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What Is the Difference Between a Condo and an Apartment? Semrushtools

Despite being used interchangeably, there is actually a difference between a condo and an apartment. Both styles of housing are individual units within a larger residential building, which may be why they’re often thought of as one and the same. The Merriam-Webster dictionary defines a condo as “a unit in a multiunit structure, or on land owned in common (such as a town house complex).” An apartment, meanwhile, is “a room or set of rooms fitted especially with housekeeping facilities and usually leased as a dwelling.” These subtle differences can become big ones when you’re deciding when or where to move. Which type of housing unit is right for you—condo vs apartment? Below, we break down the similarities and differences between a condo and an apartment, from applying and moving in to moving out.

Housing Basics

The primary difference between a condo and an apartment is that a condo is considered a unit that you own, while an apartment is one that you rent. Technically, a condo is technically owned by a management company, and it has a board or homeowners association (HOA) made up of fellow residents who are responsible for serving as the voice of the tenants and liaising with management. Whether you live in a micro studio or a sprawling, four-bedroom penthouse, both are individual units within a larger residential or mixed-use building.

city apartments on a clear day

Moving In

To move into a condo, you must fill out an application. Usually, you submit an offer to purchase the unit in addition to application paperwork that details your financials, lifestyle, and any pets you have. This application, along with your offer, gets reviewed both by building management and the HOA or board. Sometimes there’s even an interview with the board. This application must be approved in order to move in.

Depending on where you live, the process for renting an apartment may be very similar. There’s often an application that may not be quite so in depth but will still require you to provide bank statements, employment details, and references from past landlords. The application may touch on lifestyle questions (such as how often you throw parties or whether you smoke), but that depends on the landlord. The application will then be reviewed and accepted by the landlord or building management. and you would submit your security deposit and first month’s rent. In some cases, you may also be asked to put down your final month’s rent as well.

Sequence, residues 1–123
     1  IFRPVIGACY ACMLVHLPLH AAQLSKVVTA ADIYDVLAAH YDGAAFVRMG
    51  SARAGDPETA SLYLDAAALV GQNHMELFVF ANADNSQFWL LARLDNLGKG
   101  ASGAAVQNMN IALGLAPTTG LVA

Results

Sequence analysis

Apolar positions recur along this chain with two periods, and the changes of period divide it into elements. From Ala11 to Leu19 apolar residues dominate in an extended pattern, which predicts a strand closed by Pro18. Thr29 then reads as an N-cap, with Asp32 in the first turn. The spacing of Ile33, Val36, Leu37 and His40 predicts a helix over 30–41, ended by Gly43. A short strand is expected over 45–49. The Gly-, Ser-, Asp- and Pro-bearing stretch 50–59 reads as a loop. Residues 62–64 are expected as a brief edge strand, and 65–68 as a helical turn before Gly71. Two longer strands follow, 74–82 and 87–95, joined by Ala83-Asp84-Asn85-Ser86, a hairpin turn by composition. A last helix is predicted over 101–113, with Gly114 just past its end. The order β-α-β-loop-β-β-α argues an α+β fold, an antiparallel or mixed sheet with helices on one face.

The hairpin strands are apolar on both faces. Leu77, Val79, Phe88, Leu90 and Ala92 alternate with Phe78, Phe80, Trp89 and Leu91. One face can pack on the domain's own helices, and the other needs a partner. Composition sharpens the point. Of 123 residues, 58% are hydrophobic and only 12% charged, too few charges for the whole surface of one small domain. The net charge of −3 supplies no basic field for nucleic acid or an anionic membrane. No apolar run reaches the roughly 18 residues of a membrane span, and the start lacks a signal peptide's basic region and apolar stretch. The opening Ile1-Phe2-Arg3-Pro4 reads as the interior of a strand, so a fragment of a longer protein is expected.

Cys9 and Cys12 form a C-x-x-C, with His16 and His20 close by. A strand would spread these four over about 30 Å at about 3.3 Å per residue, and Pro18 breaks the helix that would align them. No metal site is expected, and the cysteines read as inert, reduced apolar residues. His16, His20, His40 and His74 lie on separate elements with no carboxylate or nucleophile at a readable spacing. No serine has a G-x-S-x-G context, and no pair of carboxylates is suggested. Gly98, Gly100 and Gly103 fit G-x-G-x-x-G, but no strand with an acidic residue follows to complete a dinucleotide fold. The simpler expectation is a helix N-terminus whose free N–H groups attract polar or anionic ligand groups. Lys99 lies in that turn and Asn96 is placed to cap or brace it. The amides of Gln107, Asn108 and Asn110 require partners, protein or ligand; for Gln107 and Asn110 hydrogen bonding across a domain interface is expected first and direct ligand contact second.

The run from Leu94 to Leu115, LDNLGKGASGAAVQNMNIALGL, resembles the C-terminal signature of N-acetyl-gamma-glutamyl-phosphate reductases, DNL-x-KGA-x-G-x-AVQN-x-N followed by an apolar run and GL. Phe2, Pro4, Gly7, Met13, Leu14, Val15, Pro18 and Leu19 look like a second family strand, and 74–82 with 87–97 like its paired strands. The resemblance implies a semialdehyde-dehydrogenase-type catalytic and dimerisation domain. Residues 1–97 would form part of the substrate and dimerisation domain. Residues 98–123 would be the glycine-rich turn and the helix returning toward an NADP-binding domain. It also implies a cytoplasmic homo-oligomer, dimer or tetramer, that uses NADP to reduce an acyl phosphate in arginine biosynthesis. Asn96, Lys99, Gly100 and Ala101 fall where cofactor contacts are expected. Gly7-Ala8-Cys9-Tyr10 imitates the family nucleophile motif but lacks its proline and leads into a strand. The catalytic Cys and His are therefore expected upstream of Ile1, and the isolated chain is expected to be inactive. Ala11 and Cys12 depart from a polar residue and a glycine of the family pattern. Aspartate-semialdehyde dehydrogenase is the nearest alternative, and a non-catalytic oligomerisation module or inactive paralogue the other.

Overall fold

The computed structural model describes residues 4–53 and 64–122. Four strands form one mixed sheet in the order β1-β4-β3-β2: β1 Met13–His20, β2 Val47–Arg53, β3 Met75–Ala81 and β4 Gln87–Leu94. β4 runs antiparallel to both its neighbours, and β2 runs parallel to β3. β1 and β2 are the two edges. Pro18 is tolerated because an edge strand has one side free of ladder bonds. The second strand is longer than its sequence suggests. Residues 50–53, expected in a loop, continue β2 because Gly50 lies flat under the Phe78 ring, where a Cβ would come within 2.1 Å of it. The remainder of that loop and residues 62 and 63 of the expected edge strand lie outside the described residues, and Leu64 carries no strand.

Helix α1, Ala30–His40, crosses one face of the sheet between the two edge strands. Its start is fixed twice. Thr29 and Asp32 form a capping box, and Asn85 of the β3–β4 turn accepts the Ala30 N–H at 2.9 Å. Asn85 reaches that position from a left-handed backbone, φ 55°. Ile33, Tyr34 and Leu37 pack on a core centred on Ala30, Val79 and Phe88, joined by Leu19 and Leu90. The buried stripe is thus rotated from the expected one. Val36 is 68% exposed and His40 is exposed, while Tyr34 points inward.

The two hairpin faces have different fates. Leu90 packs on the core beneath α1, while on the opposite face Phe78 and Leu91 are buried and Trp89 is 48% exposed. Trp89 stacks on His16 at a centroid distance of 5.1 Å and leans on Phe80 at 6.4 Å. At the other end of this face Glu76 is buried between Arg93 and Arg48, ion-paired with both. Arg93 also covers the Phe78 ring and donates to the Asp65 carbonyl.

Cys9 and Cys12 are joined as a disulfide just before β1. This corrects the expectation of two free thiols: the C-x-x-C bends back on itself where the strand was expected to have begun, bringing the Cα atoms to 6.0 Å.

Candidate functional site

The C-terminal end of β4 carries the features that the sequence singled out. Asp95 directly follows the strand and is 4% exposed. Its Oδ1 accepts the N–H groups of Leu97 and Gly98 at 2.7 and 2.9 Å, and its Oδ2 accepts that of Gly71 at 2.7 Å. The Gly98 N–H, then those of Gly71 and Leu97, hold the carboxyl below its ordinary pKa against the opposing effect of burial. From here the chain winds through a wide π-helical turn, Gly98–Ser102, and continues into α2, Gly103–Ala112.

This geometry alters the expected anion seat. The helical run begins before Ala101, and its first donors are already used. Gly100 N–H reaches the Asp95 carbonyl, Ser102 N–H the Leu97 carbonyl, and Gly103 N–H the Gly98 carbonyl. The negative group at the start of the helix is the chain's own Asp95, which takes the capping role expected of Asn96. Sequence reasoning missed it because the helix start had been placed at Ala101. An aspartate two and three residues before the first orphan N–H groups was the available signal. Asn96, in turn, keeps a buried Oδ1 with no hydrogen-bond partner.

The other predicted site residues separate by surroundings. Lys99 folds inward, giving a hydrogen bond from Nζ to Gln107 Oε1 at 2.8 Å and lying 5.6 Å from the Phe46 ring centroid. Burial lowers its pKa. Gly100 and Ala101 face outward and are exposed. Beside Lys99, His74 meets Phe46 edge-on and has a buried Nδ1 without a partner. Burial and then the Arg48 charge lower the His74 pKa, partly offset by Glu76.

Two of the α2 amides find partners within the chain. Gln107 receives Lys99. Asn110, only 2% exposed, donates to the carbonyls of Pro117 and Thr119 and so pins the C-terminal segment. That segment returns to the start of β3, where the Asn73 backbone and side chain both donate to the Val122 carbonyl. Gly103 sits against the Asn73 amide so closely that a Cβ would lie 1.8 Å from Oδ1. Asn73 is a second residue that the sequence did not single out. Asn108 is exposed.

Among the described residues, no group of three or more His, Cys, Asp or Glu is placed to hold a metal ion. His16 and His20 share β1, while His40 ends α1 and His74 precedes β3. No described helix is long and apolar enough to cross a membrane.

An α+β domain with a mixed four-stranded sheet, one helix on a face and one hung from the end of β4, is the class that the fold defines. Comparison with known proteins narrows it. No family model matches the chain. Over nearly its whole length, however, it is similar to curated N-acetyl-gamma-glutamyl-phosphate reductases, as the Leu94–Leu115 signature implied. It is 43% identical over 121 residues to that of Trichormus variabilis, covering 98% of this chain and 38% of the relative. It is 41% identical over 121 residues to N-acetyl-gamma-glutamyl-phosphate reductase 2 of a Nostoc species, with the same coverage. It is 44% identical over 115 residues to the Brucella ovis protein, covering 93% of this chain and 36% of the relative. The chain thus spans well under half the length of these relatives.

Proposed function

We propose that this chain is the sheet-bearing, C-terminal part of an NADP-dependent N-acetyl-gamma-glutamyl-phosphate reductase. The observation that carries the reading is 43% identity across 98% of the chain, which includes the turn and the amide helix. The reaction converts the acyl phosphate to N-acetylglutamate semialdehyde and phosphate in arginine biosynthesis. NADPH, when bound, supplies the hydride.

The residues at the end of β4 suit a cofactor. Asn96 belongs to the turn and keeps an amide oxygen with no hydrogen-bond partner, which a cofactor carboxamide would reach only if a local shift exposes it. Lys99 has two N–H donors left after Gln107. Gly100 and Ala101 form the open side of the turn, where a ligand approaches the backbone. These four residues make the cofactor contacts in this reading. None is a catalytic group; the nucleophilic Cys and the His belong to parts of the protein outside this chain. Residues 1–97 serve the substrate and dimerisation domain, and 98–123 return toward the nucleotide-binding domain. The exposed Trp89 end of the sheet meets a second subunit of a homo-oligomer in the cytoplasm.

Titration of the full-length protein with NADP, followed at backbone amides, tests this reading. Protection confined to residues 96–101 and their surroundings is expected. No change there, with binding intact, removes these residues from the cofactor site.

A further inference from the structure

Moving Out

Moving out of a condo is much more difficult than moving out of an apartment. Because you own the unit, you aren’t subject to waiting until the end of a lease term to time your move. However, as the owner of the condo you’re responsible for finding a new buyer. Unless there’s a new buyer, you’ll be responsible for all bills until someone new moves in.

With an apartment, you usually have to give your landlord 30 to 60 days’ notice that you won’t be renewing your lease. After that, you’re free to move out at the end of your lease term. The landlord then has a few weeks to review the state of the apartment and return your security deposit. (It’s important to give the unit a thorough cleaning, undo any changes you’ve made like removing wallpaper, and repair any damage before you go to get your full deposit back.) Once the lease term is over, the landlord is responsible for all costs and for finding a new tenant.

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Monthly Costs and Fees

Living in a condo requires you to pay a monthly board or HOA fee. This payment, which averages $170 according to the most recent census data, goes toward building-wide maintenance, regular landscaping, renovations or updates to shared spaces, and the cleaning of shared spaces. In some cases, it may cover some of your utilities like gas, water, or sewage. When the board or HOA decides to undertake an expensive project that’ll benefit all of the building’s residents, like replacing a roof or repaving a parking lot, you may also have to contribute to a special assessment.

An apartment, however, doesn’t require you to pay any of those fees. Usually, the landlord covers any building upkeep or maintenance that the property requires.


With a condo, you as an owner typically don’t have to get permission to paint or make any other design changes to your unit. However, if your building’s co-op board or HOA is a bit overbearing, and especially if you live in a historic building, you may have to present your plans and get approval before any changes can be made.

In apartments, all changes—even minor cosmetic ones—must be approved by your landlord. Even something as simple and reversible as a fresh coat of paint could cause you to lose your security deposit. If you’re living in an apartment, it’s always better to ask permission rather than forgiveness.

residential street in west village, new york city, usa

Condo vs Apartment: Which Is Right for You?

The big question that you should ask yourself when deciding between a condo and an apartment is: Are you ready to buy a home? While a condo may not be detached or come with a garage or yard, buying one is akin to purchasing a full-fledged house. It may cost less, but it’s still much more expensive than renting an apartment. An apartment gives you much more flexibility when it comes to moving in and out, living somewhere in the short term, and saving money in the short term. Real estate is always a good investment, though, no matter where you live. So read through again and hopefully gain a bit more insight into which property style is right for your next home.



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